This is Russia’s semitropical southern corner, where you can ski in the morning and swim in the afternoon - in midwinter!
For the Winter Olympics, Russia spent $50 billion on an international airport, new docks for cruise ships, a railroad and highway from the sea to the mountains, four world-class ski areas and almost 50,000 hotel rooms - all for 17 days of sports competition.
Now the crowds are going home, jamming the new airport terminal, and residents left behind worry that the resort was overbuilt.
The press center next to Olympic Park - five times larger than Moscow’s Red Square - is to become a shopping mall
One Olympic rink is to be dismantled and shipped to Siberia. Other facilities will be kept intact, to train future Russian Olympic skiers, skaters and sledders.
A boon for sports enthusiasts
The new winter sports areas are a hit with Russian skiers and snowboarders used to substandard facilities.
Sasha Geraskovski, a skier from Moscow, paused to chat atop Gornaya Karusel, the only ski area open to tourists during the Olympic Games.
“I always used to go to Europe, to Austria or France,” for skiing, said Geraskovski, a marketing specialist. “Now I see Russia can give me all I need. I have good hotels, good food and good hospitality right here, and great snow. Next time, I will spend my vacation right here."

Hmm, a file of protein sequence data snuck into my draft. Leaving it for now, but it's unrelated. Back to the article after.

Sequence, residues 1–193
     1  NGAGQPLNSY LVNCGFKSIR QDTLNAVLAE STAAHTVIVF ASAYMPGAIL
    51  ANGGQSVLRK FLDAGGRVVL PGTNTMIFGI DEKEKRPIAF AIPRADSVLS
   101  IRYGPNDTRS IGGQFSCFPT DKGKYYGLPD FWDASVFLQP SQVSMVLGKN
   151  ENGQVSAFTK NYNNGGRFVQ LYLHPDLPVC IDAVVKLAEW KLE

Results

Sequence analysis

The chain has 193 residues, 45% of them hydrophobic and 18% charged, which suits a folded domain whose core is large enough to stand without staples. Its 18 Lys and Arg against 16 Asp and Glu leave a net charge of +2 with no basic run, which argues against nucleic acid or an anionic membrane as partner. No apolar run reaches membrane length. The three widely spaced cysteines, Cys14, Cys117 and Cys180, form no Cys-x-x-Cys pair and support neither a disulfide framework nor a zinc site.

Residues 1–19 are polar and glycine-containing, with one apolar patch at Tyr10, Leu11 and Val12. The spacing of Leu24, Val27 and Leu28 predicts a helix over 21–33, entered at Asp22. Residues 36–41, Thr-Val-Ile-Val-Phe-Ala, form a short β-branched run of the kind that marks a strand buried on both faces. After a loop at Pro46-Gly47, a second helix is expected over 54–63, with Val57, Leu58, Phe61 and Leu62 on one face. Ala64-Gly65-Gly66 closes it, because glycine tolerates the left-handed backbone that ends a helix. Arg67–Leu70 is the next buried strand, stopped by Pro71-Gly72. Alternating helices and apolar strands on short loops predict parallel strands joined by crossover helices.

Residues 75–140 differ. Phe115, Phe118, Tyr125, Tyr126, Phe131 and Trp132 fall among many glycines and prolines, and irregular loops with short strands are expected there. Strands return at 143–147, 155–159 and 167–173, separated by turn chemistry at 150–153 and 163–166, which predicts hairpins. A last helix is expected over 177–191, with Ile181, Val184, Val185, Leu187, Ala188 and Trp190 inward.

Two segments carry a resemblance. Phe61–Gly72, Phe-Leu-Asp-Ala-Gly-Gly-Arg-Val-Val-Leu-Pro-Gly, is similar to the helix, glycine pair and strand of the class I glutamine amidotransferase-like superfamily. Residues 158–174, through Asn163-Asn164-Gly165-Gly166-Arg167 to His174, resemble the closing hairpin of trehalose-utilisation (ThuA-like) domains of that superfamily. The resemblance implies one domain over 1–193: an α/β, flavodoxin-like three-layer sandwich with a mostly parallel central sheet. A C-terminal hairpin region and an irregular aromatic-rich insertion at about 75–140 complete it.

But is a 40,000-seat stadium too big for a resort city of 340,000?
An expensive trip for Russians
Russians accounted for an estimated 90 percent of all visitors to the Winter Olympics. But will they come back to Sochi without the Olympic Games as a draw?
City tourism officials complain that taxes make a flight from Moscow to here more expensive than a flight to Turkey.
Yulia Malorodnova, deputy chief of Sochi's tourism office, said high air fares account for 70 percent of the total cost of a typical package tour.
"Unfortunately, we feel, airline flights are very expensive," she said. "It's because of taxation... there is an 18 percent VAT on all domestic flights. But if the same company flies for example to Egypt, there's no tax on that flight."
Stalin's dacha a hotel?
Anatoly Pakohomv, Sochi’s mayor, said market forces will solve the problem of too many hotel rooms.
"The most important regulator is competition, and competition is very tight right now,” Pakhomov said. “The problem of high prices that we've had, I think the market will even that out.”
Exemplifying Sochi’s preference for market-led solutions, local authorities have a novel plan to finance a museum at the hillside dacha that Stalin once used. Next year, they will open a boutique hotel in a wing of the dead dictator’s Black Sea retreat.